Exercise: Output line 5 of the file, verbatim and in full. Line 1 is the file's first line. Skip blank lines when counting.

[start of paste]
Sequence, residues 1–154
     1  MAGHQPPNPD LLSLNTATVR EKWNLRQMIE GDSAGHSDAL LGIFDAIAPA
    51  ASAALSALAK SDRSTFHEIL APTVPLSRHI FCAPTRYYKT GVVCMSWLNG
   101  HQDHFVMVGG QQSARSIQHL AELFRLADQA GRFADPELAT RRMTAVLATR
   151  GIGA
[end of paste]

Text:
   151  GIGA